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I feel like I'm taking crazy pills. 

It appears that many EAs believe we shouldn't pause AI capabilities until it can be proven to have < ~ 0.1% chance of X-risk. 

Put less confusingly, it appears many EAs believe we should allow capabilities development to continue despite the current X-risks.

This feels obviously a terrible thing to me.

What are the best reasons EA shouldn't be pushing for an indefinite pause on AI capabilities development??

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Messy practical reasons.

I agree with Larks that most of us would press a magic button to slow down AI progress on dangerous paths.

But we can't, which raises two problems:

  1. Tractability.
  2. Effectiveness of moderate success. If you get a non-global slowdown, or a slowdown that ends too early, or a slowdown regime that's evadable, or if you differentially slow cautious labs, or even if you just differentially slow leading labs, the effect is likely net-negative. (Increasing multipolarity among labs + differentially boosting less-cautious actors + compute overhang enabling rapidly scaling up training compute. See Slowing AI: Foundations.)

(I'd be excited to talk about proposals more specific than 'push for a pause,' or outcomes more specific than 'pause until proven <0.1% doom.' Who is doing the pausing; what are the rules? Or maybe you don't have specific proposals/outcomes in mind, in which case I support you searching for new great ideas, but it's not like others haven't tried and failed already.)

Thanks for the comment Zach. 

1. Can you elaborate on your comment "Tractability"?

2. I'm less worried about multipolarity because the leading labs are so far ahead AND I have short timelines (~ 10 years). My guess is if you had short timelines, you might agree?

3. If we had moderate short term success, my intuition is that we've actually found an effective strategy that could then be scaled. I worry that your thinking is basically pointing to 'it needs to be an immediately perfect strategy or don't bother!'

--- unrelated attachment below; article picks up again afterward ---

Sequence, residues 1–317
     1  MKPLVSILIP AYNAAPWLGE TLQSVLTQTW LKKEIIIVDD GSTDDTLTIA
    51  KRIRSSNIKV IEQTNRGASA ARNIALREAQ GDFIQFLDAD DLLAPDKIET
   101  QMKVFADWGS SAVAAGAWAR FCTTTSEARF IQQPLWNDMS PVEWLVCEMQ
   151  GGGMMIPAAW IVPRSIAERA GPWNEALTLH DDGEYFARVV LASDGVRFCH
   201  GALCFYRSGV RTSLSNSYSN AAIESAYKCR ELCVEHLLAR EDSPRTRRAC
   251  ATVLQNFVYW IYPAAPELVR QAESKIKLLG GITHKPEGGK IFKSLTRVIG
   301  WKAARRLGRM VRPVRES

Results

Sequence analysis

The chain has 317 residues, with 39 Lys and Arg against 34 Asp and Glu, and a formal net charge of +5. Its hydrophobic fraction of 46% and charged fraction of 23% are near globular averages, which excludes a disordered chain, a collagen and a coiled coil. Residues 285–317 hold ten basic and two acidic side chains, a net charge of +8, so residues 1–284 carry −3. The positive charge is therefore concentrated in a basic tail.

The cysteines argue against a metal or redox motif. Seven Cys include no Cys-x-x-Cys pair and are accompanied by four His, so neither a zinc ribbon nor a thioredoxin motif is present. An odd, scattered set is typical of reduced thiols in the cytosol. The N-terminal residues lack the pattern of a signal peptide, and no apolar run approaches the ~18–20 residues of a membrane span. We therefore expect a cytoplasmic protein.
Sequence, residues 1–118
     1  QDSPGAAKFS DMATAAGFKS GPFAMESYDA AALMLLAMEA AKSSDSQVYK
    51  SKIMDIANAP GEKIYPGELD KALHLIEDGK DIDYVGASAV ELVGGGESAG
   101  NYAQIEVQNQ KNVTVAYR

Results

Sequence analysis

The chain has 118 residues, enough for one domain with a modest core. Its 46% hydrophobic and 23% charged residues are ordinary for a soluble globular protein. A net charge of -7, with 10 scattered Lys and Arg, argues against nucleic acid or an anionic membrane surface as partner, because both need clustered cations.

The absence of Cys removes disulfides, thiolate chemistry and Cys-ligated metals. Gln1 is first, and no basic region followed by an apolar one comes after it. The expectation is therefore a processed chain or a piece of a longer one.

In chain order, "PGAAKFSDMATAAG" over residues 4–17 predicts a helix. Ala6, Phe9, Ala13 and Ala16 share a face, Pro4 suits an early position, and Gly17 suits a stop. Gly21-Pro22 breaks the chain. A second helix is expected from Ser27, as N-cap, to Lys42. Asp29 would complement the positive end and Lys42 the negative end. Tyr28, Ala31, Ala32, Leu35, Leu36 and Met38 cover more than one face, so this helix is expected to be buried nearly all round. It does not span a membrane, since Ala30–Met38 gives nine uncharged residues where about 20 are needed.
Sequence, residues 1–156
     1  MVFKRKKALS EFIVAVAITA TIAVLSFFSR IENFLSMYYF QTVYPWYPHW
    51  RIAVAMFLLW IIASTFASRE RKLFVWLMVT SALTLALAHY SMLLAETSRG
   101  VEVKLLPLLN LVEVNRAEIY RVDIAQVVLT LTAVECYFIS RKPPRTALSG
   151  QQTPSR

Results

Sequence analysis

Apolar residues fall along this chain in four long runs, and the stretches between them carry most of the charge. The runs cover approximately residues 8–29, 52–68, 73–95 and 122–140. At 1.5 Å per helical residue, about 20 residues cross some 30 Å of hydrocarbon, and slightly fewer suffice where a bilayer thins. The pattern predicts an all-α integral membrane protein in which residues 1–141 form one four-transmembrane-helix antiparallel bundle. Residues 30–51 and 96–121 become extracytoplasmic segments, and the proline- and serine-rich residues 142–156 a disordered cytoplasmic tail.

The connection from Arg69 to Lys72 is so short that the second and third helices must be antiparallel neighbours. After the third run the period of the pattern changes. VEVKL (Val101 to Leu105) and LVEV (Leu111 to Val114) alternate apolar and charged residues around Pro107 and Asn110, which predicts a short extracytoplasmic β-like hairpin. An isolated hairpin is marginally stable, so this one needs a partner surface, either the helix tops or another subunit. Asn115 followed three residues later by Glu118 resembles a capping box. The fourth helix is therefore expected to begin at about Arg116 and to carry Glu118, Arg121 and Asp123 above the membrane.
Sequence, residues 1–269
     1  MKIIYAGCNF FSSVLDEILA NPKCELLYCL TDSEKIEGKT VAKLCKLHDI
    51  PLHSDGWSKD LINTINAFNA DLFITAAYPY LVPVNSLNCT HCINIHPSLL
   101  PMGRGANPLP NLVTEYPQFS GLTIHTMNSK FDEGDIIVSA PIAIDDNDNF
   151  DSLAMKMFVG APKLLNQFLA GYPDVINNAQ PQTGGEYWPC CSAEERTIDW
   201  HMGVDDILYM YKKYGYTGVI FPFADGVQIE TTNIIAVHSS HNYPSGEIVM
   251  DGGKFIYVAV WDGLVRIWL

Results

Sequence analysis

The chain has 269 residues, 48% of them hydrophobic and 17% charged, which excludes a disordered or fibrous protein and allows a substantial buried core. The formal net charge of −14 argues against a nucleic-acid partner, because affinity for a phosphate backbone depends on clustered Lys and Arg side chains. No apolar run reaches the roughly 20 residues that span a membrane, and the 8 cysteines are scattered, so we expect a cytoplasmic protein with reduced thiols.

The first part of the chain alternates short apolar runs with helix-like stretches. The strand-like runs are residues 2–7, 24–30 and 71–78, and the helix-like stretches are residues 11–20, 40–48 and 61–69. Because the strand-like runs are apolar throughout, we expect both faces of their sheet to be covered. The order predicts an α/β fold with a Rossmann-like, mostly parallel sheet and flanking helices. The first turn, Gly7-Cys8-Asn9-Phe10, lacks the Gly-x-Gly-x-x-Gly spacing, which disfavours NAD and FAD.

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Zach Stein-Perlman
8mo
1. Pushing a magic button would be easy; affecting the real world is hard. Even if slowing is good, we should notice whether there exist tractable interventions (or: notice interventions' opportunity cost). 2. Nope, my sense is that DeepMind, OpenAI, and Anthropic do and will have a small lead over Meta, Inflection, and others, such that I would be concerned (re increasing multipolarity among labs) about slowing DeepMind, OpenAI, and Anthropic now. (And I have 50% credence on human-level AI [noting this is underspecified] within 9 years.) 3. Yeah, maybe, depending. I'm relatively excited about "short term success" that seems likely to support the long-term policy regimes I'm excited about, like global monitoring of compute and oversight of training runs with model evals for dangerous capabilities and misalignment, maybe plus a compute cap. I fear that most pause-flavored examples of "short term success" won't really support great long-term plans. (Again, I'd be excited to talk about specific proposals/outcomes/interventions.)

This sequence is still in progress but is the best collection of resources that I know of regarding slowing AI (including an indefinite pause).

Worth cross-posting to the EA Forum. @Zach Stein-Perlman 

Thank you Ben I will take a look :)

I think the best reason is that it's not within the Overton window :)

Last I checked, the whole point of the Overton window is that you can only shift it by advocating for ideas outside of it.

4
yanni kyriacos
8mo
I'm confused - where is the evidence it is outside the overton window?
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Peter Berggren
8mo
Don't really think there is any; in fact, there's plenty of evidence to the contrary, from the polls I've seen.
5
David_Moss
8mo
We found 51% support, 25% opposition in our polling here.
Comments5
Sorted by Click to highlight new comments since: Today at 3:52 AM

There's a big gap between "believe we should press it if presented with a magic global pause button" and "think pro-pause advocacy is the most efficient use of their time on the current margin". I suspect the majority of Xrisk-concerned EAs would press such a button if given the chance.

  1. i think you'd be surprised how many wouldn't press such a button
  2. what publicly available thinking have you seen on the potential impact of advocacy in this context (within EA)? i'm interested how you've formed this opinion

You can run a poll to try to find out the answer to 1) if you want!

it appears many EAs believe we should allow capabilities development to continue despite the current X-risks.

Where do you get this from?

Also, this:

have < ~ 0.1% chance of X-risk. 

means p(doom) <~ 0.001

"Where do you get this from?"

  • the lack of content and discussion regarding a pause on the forum / podcasts / twitter
  • the dismal success rate of grant requests to drive such a strategy
  • vibe
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